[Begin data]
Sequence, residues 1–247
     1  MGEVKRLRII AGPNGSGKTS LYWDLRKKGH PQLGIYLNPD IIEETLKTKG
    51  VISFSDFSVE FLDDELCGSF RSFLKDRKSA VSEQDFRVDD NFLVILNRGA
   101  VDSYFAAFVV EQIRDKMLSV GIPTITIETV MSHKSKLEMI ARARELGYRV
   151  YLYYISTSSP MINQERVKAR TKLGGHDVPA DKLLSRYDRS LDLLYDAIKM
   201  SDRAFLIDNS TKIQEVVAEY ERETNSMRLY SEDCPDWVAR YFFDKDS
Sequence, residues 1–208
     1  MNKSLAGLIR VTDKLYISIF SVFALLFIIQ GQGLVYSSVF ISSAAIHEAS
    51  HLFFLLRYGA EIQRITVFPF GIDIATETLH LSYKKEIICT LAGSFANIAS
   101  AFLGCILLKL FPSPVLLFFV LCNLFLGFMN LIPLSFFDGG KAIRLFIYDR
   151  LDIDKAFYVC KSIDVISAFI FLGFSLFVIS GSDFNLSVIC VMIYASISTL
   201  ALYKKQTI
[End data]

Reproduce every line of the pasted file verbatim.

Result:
Sequence, residues 1–247
     1  MGEVKRLRII AGPNGSGKTS LYWDLRKKGH PQLGIYLNPD IIEETLKTKG
    51  VISFSDFSVE FLDDELCGSF RSFLKDRKSA VSEQDFRVDD NFLVILNRGA
   101  VDSYFAAFVV EQIRDKMLSV GIPTITIETV MSHKSKLEMI ARARELGYRV
   151  YLYYISTSSP MINQERVKAR TKLGGHDVPA DKLLSRYDRS LDLLYDAIKM
   201  SDRAFLIDNS TKIQEVVAEY ERETNSMRLY SEDCPDWVAR YFFDKDS
Sequence, residues 1–208
     1  MNKSLAGLIR VTDKLYISIF SVFALLFIIQ GQGLVYSSVF ISSAAIHEAS
    51  HLFFLLRYGA EIQRITVFPF GIDIATETLH LSYKKEIICT LAGSFANIAS
   101  AFLGCILLKL FPSPVLLFFV LCNLFLGFMN LIPLSFFDGG KAIRLFIYDR
   151  LDIDKAFYVC KSIDVISAFI FLGFSLFVIS GSDFNLSVIC VMIYASISTL
   201  ALYKKQTI